Nahw Meer English: 7.0 - Implied Active Elements اَلْعَوَامِلُ الْمَعْنَوِيَّةُ

 




Implied Active Elements are of two kinds:

 

1) The beginning of a sentence is empty of active Noun on implied active elements اَلْعَوَامِلُ الْمَعْنَوِيَّةُ and it gives Nominative رَفْعٌ status to both Subject اَلْمُبْتَدَأُ and the Predicate اَلْخَبَرُ. For example, زَيْدٌ قَائِمٌ meaning “Zaid is standing”. So, the Subject زَيْدٌis Nominative رَفْعٌ because of the beginning and قَائِمٌ which is Predicate for it is Nominative رَفْعٌ due to the Subject which is Nominative رَفْعٌ because of the beginning.

 

There are two more schools of thought:

 

– that the beginning اَلْاِبْتِدَأُis acting on the Subject اَلْمُبْتَدَأُ and اَلْمُبْتَدَأُ is active on the Predicate اَلْخَبَرُ.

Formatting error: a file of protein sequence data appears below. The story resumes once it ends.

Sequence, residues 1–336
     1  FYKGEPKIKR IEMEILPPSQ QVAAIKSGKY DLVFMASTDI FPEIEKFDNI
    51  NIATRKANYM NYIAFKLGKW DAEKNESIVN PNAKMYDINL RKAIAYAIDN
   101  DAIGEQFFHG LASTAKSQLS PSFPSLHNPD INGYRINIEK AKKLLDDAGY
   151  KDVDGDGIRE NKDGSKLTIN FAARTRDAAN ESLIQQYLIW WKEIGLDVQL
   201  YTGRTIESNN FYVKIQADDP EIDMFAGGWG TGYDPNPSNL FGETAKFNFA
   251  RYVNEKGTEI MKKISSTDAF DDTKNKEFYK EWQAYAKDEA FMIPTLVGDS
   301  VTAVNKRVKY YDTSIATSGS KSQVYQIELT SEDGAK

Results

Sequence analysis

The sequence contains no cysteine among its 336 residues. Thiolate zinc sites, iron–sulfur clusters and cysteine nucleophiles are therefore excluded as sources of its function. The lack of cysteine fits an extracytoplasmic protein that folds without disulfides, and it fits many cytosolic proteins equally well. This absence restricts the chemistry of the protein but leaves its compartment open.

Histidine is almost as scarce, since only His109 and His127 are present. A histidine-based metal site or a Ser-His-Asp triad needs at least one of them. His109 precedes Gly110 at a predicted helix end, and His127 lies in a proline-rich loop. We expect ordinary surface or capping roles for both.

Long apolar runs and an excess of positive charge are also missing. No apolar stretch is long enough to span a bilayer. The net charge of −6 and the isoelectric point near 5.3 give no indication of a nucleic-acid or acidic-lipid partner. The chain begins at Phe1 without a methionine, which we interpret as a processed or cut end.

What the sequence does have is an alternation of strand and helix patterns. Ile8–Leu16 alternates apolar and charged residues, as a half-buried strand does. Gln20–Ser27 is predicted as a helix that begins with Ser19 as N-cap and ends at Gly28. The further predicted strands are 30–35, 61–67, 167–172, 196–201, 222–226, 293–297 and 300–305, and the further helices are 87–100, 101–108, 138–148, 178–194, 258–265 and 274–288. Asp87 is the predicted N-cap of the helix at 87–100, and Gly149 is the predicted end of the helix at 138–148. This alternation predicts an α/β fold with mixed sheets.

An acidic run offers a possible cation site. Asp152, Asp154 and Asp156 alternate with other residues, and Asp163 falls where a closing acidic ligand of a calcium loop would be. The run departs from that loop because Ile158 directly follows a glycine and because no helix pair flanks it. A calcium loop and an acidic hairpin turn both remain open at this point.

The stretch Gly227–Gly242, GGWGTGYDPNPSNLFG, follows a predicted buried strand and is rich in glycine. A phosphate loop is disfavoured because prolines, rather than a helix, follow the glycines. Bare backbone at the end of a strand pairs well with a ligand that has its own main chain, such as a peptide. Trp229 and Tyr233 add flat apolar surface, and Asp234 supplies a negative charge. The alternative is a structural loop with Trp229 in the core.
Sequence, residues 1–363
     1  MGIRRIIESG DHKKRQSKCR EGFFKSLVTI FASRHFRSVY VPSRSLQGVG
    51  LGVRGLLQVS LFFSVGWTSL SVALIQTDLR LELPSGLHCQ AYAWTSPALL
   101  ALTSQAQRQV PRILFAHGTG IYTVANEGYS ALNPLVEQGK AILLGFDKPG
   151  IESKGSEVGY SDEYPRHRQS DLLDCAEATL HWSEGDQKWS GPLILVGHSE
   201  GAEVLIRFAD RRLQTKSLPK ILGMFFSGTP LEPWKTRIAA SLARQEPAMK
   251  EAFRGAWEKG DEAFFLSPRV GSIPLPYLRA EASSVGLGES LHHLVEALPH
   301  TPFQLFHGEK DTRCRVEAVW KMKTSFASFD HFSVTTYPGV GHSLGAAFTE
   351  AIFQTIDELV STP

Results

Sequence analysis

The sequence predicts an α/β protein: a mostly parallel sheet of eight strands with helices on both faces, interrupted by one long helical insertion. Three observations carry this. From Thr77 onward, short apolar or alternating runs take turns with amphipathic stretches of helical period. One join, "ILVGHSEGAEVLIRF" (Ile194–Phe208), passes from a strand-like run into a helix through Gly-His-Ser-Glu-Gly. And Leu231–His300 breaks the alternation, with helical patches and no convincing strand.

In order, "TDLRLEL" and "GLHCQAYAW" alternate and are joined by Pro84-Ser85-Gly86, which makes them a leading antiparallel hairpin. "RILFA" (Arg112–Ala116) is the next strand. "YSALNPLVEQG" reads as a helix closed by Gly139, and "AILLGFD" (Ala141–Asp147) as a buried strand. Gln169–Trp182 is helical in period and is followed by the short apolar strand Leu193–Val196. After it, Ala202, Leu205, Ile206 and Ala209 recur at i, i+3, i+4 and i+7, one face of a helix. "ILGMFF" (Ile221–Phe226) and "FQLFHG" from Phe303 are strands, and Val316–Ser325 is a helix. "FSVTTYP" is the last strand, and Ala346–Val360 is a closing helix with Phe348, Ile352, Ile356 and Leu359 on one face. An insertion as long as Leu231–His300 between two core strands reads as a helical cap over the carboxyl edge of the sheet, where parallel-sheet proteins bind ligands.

– that each one in both the Subject اَلْمُبْتَدَأٌ and Predicate اَلْخَبَرُ is active on the other.

 

2) The Imperfect Tense Verb اَلْفِعْلُ الْمُضَارِعُ is empty of any active element to give it Accusative نَصْبٌ or Jussive جَزَمٌ  status which gives Nominative رَفْعٌ status to the verb. For example, يَضْرِبُ زَيْدٌ meaning “Zaid is hitting/ will hit”. Therefore “يَضْرِبُ“ here is Nominative رَفْعٌ because there are no Accusative نَصْبٌ or Jussive جَزَمٌ actors فَاعِلٌ.

 

The Subject of Active Elements in Grammar has been completed here by the Grace of Allah SWT and His help.

 

۞۞۞

 


Comments

Popular posts from this blog

1.0a - Introduction to Quranic Arabic Grammar For Beginners

1.0 - Why Learn Arabic?